Characters that care about people are easy to involve in things. One of the best things you can do for your character is give her the ability to form personal attachments. Maybe she just likes people. She’s friendly; she likes getting to know her neighbors and co-workers. She doesn’t mind listening to their problems, and feels the need to help them out when they’re in trouble. I’m sure you can see where I’m going with this. If your character easily forms attachments to NPCs, then it’s easy for your GM to draw her into things just by introducing her to characters involved in the plots.
This trait is closely related to responsibility, in that personal attachments can contribute to a sense of responsibility for others. Once your character has developed attachments to the people around her, the GM can manipulate those attachments to pull her into his plots.
A character that feels ambition will create her own plots! All the GM has to provide is a power structure, plenty of intrigue, and the occasional nudge in the right direction. Ambition should do the rest — ambition can draw a character into any plot that seems as though it will yield some sort of advantage or power to her. As long as there’s a reward at the center of the plot that will appeal to your character’s ambition, you’ll have no trouble justifying jumping into all sorts of plots.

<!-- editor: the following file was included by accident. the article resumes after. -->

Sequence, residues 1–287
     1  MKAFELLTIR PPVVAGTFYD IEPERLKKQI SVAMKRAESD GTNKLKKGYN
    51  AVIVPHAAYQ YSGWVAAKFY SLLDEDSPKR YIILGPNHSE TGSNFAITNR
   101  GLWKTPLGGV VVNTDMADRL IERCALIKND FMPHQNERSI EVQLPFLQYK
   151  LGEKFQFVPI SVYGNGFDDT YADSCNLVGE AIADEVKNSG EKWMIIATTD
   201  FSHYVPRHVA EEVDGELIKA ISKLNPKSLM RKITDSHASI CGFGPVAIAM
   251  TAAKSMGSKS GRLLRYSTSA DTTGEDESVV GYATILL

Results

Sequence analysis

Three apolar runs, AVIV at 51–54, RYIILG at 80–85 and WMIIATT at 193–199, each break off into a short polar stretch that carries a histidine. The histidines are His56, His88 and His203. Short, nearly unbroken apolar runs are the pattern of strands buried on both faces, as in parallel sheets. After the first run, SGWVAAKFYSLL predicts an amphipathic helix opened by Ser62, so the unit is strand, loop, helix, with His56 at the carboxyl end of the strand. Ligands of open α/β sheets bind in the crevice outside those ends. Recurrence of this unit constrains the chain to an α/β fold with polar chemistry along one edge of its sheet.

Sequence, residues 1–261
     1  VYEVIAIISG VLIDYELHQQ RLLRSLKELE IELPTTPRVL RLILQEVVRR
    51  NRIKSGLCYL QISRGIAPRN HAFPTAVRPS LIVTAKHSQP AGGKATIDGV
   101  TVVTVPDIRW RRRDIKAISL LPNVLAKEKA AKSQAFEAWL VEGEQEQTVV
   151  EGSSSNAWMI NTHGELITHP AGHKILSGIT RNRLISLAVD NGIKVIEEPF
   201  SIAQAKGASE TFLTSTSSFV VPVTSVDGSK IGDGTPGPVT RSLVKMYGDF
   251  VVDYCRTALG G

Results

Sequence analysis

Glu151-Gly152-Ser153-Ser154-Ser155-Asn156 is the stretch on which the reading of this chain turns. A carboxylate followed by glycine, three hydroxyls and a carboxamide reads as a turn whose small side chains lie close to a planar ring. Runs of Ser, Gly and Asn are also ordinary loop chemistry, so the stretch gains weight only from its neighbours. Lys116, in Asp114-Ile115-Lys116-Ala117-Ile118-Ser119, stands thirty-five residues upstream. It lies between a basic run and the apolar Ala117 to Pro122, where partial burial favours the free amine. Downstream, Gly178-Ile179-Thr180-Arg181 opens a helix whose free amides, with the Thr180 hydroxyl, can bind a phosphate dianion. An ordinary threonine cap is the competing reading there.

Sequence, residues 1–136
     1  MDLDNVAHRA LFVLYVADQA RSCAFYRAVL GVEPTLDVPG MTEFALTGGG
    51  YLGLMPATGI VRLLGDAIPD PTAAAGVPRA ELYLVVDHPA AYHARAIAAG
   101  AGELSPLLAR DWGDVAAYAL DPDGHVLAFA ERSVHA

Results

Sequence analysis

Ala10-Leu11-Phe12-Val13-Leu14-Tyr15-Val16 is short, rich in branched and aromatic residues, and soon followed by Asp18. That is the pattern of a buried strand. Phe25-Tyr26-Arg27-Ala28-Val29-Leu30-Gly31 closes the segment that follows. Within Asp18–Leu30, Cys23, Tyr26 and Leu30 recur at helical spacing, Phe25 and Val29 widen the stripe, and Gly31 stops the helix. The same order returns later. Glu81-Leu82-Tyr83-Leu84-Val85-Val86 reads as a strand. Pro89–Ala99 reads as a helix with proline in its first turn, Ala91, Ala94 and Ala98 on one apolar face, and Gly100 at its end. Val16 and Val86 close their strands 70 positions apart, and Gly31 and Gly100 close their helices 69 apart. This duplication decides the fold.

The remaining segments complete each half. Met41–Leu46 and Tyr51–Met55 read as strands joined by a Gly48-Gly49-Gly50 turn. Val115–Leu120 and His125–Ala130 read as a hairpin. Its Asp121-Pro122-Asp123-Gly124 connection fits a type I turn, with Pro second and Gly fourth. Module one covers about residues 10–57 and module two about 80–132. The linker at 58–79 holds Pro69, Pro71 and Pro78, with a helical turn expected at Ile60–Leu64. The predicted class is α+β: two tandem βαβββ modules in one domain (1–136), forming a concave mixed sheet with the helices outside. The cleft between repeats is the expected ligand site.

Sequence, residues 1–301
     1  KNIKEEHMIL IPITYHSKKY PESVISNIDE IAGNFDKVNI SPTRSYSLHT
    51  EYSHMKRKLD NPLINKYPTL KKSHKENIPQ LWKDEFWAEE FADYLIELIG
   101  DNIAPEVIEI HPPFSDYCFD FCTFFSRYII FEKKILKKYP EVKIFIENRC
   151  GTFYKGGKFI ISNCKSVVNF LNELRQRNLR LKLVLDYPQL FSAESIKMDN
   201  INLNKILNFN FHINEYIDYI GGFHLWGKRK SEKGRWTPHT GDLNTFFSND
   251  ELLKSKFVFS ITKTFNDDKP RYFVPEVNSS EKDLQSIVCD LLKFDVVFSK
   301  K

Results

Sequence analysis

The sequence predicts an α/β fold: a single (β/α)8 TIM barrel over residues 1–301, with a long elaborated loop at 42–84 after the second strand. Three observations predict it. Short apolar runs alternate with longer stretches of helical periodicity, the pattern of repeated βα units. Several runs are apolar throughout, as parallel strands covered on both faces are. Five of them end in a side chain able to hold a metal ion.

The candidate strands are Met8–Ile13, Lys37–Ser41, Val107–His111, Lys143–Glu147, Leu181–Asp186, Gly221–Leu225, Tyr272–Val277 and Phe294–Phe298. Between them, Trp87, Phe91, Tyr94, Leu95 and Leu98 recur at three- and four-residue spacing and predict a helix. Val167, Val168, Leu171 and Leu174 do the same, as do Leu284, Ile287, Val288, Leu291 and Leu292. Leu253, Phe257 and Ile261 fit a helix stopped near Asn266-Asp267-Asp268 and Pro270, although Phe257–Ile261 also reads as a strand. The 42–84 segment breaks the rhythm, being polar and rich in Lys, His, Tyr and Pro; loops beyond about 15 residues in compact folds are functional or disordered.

This one does require a little effort on the GM’s part. There needs to be something of a power structure (and probably a political structure) for your character to muck with in the game. The GM also has to be willing to allow the party to gain some amount of power or your character is likely to give up; many GMs have trouble coming up with plots for powerful characters. But if the GM feels up to it, this particular character trait can take you a long way.
It’s good to give your characters some reason to motivate themselves, rather than relying on the GM to do it all for you. After all, your average everyday person doesn’t go around getting involved in “plots” and sticking her nose into everything. Your PC needs a personality that supports these activities, rather than forcing the GM to come up with all-new convincing reasons for you to investigate each plot. Your GM still needs to find ways to appeal to those personality traits, but that’s a lot easier than creating motivation wholesale.